A Rhode Island Superior Court judge has determined that an injured worker was properly denied accidental disability retirement benefits because she was not incapacitated as a “natural and proximate result” of a workplace accident.
In seeking benefits, the claimant, plaintiff Kellie Wallace, alleged she suffered debilitating memory loss, depression and anxiety after banging her head on a fire extinguisher when she picked up paper from the floor while working as a hospital janitor. Her physician corroborated her claim.
The Disability Subcommittee of the Employees’ Retirement System of Rhode Island, however, found that Wallace’s alleged condition was not due to the accident in question, given her history of suffering from a traumatic brain injury 30 years earlier and her treatment for psychiatric issues that pre-dated the incident.
Judge Jeffrey A. Lanphear affirmed.
“Contrary to Ms. Wallace’s assertion that the Retirement Board’s decision is contrary to the law and facts because the Board based its decision on the accident that occurred 30 years ago rather than the most current accident, the Board and the doctors did take all of Ms. Wallace’s medical history into account to come to their decision,” Lanphear wrote. “Importantly, the Board’s decision was based on the determination that Ms. Wallace’s condition, which is the basis of her application for retirement benefits, pre-existed the 2015 accident.”
The 18-page decision is Wallace v. Employees’ Retirement System of Rhode Island.
Harry J. Hoopis of Warwick, Rhode Island, represented the plaintiff. Michael P. Robinson of Providence represented defendant ERSRI. Neither attorney responded to requests for comment.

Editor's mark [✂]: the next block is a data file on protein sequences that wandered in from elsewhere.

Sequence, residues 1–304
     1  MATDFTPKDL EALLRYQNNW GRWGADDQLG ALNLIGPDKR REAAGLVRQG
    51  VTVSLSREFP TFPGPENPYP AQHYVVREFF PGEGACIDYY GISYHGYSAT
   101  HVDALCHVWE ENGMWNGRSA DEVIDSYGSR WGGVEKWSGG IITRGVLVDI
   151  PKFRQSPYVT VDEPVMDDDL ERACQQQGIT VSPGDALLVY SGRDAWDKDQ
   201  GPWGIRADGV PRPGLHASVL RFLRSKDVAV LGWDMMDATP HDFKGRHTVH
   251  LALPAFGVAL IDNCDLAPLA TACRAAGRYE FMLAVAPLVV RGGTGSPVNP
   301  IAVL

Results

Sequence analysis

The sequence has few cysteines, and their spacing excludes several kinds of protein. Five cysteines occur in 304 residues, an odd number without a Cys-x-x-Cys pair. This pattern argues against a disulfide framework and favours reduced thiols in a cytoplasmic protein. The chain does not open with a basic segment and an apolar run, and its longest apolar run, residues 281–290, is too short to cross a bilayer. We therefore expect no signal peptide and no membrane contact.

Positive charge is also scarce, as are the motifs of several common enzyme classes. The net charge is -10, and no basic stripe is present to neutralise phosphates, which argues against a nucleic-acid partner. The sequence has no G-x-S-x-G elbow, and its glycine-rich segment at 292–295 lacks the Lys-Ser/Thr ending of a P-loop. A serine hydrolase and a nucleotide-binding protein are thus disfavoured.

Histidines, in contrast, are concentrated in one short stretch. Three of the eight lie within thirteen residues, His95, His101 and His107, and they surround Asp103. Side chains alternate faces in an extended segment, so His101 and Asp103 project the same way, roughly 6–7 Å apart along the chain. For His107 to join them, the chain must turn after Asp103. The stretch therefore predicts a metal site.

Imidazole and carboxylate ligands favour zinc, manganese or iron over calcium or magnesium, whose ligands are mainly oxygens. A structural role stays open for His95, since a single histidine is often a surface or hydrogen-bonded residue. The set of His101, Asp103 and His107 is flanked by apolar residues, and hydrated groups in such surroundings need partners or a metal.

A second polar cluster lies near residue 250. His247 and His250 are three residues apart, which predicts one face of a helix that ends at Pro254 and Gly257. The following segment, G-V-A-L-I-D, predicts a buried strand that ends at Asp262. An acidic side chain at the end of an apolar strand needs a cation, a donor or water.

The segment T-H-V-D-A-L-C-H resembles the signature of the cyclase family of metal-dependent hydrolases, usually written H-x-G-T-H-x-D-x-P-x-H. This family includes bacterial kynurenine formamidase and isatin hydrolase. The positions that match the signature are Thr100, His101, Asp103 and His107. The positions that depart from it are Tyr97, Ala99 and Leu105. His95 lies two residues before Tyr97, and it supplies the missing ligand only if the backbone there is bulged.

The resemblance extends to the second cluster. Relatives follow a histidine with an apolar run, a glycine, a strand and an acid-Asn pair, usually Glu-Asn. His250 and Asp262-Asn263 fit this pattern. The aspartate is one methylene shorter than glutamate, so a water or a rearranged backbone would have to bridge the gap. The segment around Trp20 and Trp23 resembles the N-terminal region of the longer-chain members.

Wallace, a state employee, worked as a janitor at Zambarano Hospital in Burrillville, Rhode Island.
On Feb. 13, 2015, she filed an injury report form over an injury that occurred while she was working at the hospital. According to Wallace, she was picking up paper from the floor that day and banged her head on a fire extinguisher when she stood up, leading to bad headaches, dizziness, forgetfulness, anxiety and depression.
Wallace maintained that the incident left her unable to handle multiple tasks at a time while causing her trouble with confusion and performance.
The plaintiff’s physician, Albert Marano, indicated on the plaintiff’s application that she was disabled and that the disability was a result of the accident. He concluded that she was permanently and totally disabled from work and that, based on his examination, she had reached maximum medical improvement.
Marano also referred the plaintiff to a neuropsychologist, who concluded that the plaintiff’s two most recent head injuries were on the mild end of the concussion spectrum, though she was vulnerable to longer recovery periods and greater deficits from injuries due to the severe head trauma she suffered in the early 1990s.
The neuropsychologist also concluded that Wallace’s cognitive symptoms would improve over time.
In a second assessment, the neuropsychologist concluded that Wallace had persistent post-concussion syndrome, adding that her pre-existing traumatic brain injury led to the less severe workplace injury resulting in such a poor outcome.
Wallace submitted additional records from the emergency department where she was treated after the accident and from her therapist.
The report from the emergency department indicated evidence of chronic damage to brain tissue, likely due to “old trauma,” and the therapist diagnosed her with major depressive disorder.
Meanwhile, Wallace was examined by three independent medical examiners in conjunction with her claim for benefits.